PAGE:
Since tomatoes are the number one most popular vegetable for the home gardener, most of us find ourselves with a glut of them before the season is over. Canning takes care of a lot, but sometimes we can’t even give them away fast enough once they get into production mode. When that happens, it’s time to think seriously about what to do with the excess. There’s always the compost pile, but who wants to waste a good tomato?
Try these ideas
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Frozen Green Tomatoes for Frying
If you like fried green tomatoes, it’s a simple fix to freeze them for later. Slice them uniformly just as if you were going to fry them, then dip them in whatever mixture you like. Lay them out on a wax paper covered cookie sheet and freeze until they’re firm. You can then put them in freezer bags or containers and remove them individually when it’s time to cook them. Don’t let the tomato slices thaw before frying, but place them quickly into a hot, oiled skillet. They will taste as fresh as if you just pulled them off the vine – a real treat on a snowy winter day!
Roma Food Mill in action at Galen Lehman’s place. Get your own at Lehmans.com or Lehman’s in Kidron, Ohio.
Frozen Tomato Sauce If you have a lot of tomatoes and want to can tomato sauce or make ketchup, but can’t stand the thought of adding even more heat to an already hot summer’s day, puree your tomatoes and get them ready to make sauce, then freeze the puree until the warmth from the stove will be welcome! When you’re ready to can, thaw the sauce and cook it down until it’s ready and that’s all there is to it. If you don’t want to can it, cook it down first and freeze it in one or two cup portions.
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Freeze Whole Tomatoes But don’t freeze them in a lump that you have to hammer apart when you only want one or two. Instead, remove the skins (or not, if you don’t mind them), core and place on a wax paper or parchment paper covered cookie sheet in the freezer until they’re solidly frozen. Remove them quickly and put in freezer containers or bags, then you can simply use as many or as few as you need. Since tomatoes thaw and then reheat quickly, just plop them into your stew or soup or leave in a dish long enough to thaw for other purposes.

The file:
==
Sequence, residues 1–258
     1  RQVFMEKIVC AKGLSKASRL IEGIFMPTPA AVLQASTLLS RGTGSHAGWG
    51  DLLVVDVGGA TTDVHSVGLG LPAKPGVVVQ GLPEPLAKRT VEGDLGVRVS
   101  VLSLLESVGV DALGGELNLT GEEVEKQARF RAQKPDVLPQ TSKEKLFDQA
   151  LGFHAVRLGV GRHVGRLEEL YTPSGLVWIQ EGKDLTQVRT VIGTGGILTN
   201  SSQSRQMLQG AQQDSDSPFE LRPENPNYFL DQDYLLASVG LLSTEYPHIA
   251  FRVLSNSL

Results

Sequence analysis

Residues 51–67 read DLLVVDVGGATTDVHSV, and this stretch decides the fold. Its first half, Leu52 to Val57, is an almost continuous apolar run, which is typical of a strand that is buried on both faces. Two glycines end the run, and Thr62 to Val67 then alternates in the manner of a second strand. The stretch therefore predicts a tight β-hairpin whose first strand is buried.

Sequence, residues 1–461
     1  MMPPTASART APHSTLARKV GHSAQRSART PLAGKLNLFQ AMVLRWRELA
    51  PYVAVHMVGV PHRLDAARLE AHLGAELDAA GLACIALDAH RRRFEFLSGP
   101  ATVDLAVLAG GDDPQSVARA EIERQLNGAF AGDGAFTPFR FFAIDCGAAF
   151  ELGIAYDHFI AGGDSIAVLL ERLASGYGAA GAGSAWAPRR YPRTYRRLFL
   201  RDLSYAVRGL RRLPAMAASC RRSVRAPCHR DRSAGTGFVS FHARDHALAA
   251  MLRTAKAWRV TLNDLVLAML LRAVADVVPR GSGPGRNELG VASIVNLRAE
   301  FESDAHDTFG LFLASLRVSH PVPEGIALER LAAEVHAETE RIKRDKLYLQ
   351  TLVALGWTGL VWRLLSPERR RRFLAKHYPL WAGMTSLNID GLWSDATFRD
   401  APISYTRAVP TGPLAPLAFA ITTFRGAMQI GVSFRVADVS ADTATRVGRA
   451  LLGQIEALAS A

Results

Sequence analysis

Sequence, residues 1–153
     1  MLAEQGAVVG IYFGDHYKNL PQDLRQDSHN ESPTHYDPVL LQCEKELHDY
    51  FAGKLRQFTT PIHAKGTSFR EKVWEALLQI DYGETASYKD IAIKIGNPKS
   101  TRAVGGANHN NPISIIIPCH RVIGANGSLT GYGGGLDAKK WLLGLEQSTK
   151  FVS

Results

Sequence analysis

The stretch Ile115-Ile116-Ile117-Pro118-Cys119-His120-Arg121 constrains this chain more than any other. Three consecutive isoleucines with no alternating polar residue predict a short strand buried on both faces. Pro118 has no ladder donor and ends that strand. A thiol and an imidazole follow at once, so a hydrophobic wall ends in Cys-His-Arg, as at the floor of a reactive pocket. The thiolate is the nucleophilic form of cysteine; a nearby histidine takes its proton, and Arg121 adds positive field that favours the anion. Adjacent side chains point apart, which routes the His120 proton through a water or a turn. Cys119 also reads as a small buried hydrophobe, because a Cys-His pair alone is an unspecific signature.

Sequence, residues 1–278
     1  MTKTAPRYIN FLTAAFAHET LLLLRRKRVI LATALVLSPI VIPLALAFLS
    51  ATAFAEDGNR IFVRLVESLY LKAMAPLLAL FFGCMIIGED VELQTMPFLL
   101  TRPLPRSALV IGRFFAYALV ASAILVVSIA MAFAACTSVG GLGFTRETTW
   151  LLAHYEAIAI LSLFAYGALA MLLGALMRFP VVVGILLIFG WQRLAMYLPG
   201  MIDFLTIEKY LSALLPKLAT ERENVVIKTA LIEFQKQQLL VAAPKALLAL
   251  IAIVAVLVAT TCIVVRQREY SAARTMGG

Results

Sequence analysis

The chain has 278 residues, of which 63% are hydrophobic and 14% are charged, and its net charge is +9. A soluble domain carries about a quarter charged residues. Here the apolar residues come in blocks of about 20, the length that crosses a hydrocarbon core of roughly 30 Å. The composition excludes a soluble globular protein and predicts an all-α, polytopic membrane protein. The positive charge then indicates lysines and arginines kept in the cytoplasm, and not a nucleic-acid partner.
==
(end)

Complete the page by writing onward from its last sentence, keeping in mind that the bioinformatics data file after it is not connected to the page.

Electric food deyhydrator works for fruit/veggie leathers too. At Lehman’s in Kidron, Ohio, or at Lehmans.com.
Still have more? Sun dried tomatoes are a specialty, but you can make them easily. They are exactly what they sound like: Dried in the sun. A dehydrator is excellent for this, but you don’t even need that. A flat surface that can be protected from insects–a cloth will do it.
Slice the tomatoes thinly and uniformly, place them where they won’t touch each other and leave in the sun, covered by a cloth until they are leathery to crisp. (Keep your cloth in place with clothes pegs or binder clips!) Store tomatoes in a closed container, and keep in a cool, dry place. Check them now and then as they tend to absorb moisture. If they do, you can redry them in the sun, or dry them out again in the oven. Use a very low temperature, leave the door open and watch them so they don’t burn.
You can even dry tomato “leather” to use as sauce in cooked dishes. Make a puree of the tomatoes and cook it down as much as you can to speed the drying process, then spread it on a leather dehydrator sheet. This is a solid sheet, usually of plastic that won’t let the liquid seep through. Use a plastic sheet over a tray in the sun if you need to, but it will take longer than a dehydrator or sun-drying sliced tomatoes.
When the leather is finished, you can store it in sheets, break it up or pulverize it in the blender for a tomato bouillon of sorts. Be aware that if you pulverize it, it will turn hard after awhile. A little cornstarch mixed in well before storing will prevent that. Don’t waste even one of those precious globes that you worked so hard to grow!